The House Energy and Climate Finance & Policy Division, of which I am a member, conducted a hearing this week for H.F. 700, a bill which would raise Minnesota’s renewable energy standard to 100 percent carbon-free by 2045.
The economic impacts to families and cities in our area could be devastating and we simply can’t sit back and allow extreme environmentalists to push their agenda on us. I will continue opposing this bill and any others like it that come through the House. We need to be focusing on a more sensible, all-of-the-above energy approach to help guarantee our needs are met at all times.
On a separate yet related topic, a new report from the Housing Affordability Institute indicates state regulations now account for one-third of the cost of building a new home. Yes, that’s right, if you build a $300,000 home, $100,000 of your hard-earned dollars will go toward expenses mandated by state and local policies. In the seven-county metro area, the report indicates the cost of building a new home has made it almost impossible for builders to provide single-family housing stock that costs less than $375,000.
Homes may be a bit more affordable out here in Greater Minnesota, but the point remains the same: Families, especially younger ones, are being priced right out of the market as moderately priced single-family homes vanish from the landscape.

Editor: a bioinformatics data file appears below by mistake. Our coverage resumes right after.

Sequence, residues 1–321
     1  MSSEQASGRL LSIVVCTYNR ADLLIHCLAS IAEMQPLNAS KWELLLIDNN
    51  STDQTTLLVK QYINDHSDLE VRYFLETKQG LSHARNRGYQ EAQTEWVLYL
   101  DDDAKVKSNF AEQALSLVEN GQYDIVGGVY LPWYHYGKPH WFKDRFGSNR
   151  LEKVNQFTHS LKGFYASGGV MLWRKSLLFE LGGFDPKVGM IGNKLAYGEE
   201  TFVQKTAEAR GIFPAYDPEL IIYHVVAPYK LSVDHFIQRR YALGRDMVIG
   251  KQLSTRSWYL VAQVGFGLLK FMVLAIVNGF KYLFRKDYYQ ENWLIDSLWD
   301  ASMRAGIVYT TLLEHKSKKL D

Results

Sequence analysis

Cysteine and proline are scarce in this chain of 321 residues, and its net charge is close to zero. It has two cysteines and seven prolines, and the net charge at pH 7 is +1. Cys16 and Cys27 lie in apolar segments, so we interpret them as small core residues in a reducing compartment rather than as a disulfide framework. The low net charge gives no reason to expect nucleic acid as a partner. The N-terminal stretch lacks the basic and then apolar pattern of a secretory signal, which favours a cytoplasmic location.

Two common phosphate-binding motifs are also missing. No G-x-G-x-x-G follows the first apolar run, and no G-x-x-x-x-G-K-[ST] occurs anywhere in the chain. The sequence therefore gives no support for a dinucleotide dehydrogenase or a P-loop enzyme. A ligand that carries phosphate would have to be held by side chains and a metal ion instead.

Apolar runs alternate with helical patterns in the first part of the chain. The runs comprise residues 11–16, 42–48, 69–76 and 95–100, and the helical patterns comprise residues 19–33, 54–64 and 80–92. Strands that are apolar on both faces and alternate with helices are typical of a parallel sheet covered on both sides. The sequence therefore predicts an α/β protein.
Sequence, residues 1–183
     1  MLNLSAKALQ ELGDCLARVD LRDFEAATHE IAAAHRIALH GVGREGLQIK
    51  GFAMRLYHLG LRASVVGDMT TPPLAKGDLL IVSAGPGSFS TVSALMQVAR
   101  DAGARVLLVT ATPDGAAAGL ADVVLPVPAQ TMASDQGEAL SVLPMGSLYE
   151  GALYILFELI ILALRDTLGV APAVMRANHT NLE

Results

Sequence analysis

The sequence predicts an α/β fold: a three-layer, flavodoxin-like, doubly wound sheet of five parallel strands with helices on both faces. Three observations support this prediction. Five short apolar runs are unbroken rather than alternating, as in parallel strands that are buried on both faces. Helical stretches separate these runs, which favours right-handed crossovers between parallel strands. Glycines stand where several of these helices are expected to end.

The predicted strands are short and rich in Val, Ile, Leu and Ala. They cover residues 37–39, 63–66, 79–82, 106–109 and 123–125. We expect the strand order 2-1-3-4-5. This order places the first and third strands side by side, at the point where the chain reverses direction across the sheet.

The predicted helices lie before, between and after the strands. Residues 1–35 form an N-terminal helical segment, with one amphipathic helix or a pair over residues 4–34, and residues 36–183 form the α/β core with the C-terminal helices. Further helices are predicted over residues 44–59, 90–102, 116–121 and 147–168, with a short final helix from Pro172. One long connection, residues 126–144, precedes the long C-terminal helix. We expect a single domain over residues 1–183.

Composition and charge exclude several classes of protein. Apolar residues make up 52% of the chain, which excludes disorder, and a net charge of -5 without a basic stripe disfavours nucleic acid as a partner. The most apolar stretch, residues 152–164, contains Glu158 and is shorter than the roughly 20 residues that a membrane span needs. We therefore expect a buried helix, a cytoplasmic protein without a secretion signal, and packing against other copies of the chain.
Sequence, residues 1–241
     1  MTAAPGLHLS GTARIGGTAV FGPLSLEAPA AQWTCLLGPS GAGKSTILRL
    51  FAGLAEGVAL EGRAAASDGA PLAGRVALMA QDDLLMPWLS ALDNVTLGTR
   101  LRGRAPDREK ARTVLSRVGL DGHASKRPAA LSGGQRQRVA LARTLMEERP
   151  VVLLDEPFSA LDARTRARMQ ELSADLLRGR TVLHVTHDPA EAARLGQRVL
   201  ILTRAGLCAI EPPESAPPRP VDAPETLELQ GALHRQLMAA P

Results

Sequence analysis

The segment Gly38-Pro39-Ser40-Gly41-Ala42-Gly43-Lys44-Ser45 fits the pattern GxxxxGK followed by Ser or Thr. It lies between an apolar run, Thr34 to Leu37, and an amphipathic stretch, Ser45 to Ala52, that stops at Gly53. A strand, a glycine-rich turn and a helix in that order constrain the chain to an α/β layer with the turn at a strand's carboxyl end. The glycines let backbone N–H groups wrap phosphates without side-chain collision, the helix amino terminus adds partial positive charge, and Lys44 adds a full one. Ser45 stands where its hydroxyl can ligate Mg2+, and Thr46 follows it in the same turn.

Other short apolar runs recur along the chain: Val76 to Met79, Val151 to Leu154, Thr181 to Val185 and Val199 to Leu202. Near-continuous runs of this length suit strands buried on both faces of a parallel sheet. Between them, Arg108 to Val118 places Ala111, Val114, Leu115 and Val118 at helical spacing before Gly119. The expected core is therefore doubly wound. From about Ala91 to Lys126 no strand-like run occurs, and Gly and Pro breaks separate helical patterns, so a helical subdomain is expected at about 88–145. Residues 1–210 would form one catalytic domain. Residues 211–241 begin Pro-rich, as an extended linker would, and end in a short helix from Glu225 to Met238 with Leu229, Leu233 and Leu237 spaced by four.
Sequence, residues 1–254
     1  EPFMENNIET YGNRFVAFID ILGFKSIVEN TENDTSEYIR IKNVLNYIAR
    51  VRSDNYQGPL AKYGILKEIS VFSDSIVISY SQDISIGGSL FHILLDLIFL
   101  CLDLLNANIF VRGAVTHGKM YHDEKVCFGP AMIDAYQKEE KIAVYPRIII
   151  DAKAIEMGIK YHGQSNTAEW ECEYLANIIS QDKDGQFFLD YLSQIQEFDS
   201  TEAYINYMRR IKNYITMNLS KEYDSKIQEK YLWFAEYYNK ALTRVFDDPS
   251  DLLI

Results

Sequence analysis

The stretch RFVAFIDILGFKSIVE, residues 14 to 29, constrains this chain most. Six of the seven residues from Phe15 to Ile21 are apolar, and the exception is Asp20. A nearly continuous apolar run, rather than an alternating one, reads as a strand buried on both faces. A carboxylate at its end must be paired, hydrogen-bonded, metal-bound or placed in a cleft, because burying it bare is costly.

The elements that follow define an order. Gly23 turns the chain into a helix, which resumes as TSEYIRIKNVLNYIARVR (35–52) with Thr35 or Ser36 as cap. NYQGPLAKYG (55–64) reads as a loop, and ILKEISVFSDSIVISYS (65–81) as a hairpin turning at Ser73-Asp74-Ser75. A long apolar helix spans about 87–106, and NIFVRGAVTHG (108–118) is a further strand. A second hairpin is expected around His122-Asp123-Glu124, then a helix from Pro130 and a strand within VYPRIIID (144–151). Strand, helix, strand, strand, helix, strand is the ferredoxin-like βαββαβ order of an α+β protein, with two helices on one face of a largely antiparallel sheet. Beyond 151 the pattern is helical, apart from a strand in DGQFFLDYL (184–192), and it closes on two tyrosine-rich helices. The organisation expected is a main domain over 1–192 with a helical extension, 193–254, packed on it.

A couple of examples the report cites: The same home in Lake Elmo, Minn. costs $47,000 more than an identical home just 10 miles away in Hudson, Wis. A new home in the Twin Cities costs up to 25 percent more than a similar home built by the same builder in the southwestern Chicago suburbs, a difference of $82,000.
The report detailed numerous land and regulatory policies that are driving up costs for new home construction in Minnesota, resulting in homes costing tens of thousands more in Minnesota than in Wisconsin and other surrounding states. By nearly every measure, the report says, new homes in Minnesota cost more than comparable homes in all other Midwest markets. Homes are being built tighter and tighter to conserve energy costs and, while that is all fine and dandy, that also comes at a cost, both from a dollars and cents standpoint and in regard to health considerations that arise in that environment.
In recent years, House Republicans have been working to cut through some of these excessive regulations. For example, an onerous requirement that fire sprinkler systems must be installed in new homes of 4,500 square feet or larger was repealed a few years ago. It’s not that sprinklers are a bad idea, but the decision to add one should be left to the consumer in consultation with their builder.
That’s just the tip of the iceberg on regulations that could be repealed and I look forward to bringing my perspective as a contractor to the table as these discussions take place at the Capitol.
I'm looking forward to spending time back in the district this weekend. Among the numerous items on my calendar last weekend were business expos in Foley and Becker. I have a packed schedule this weekend as well as I look to continue meeting with people in 15B to discuss the issues.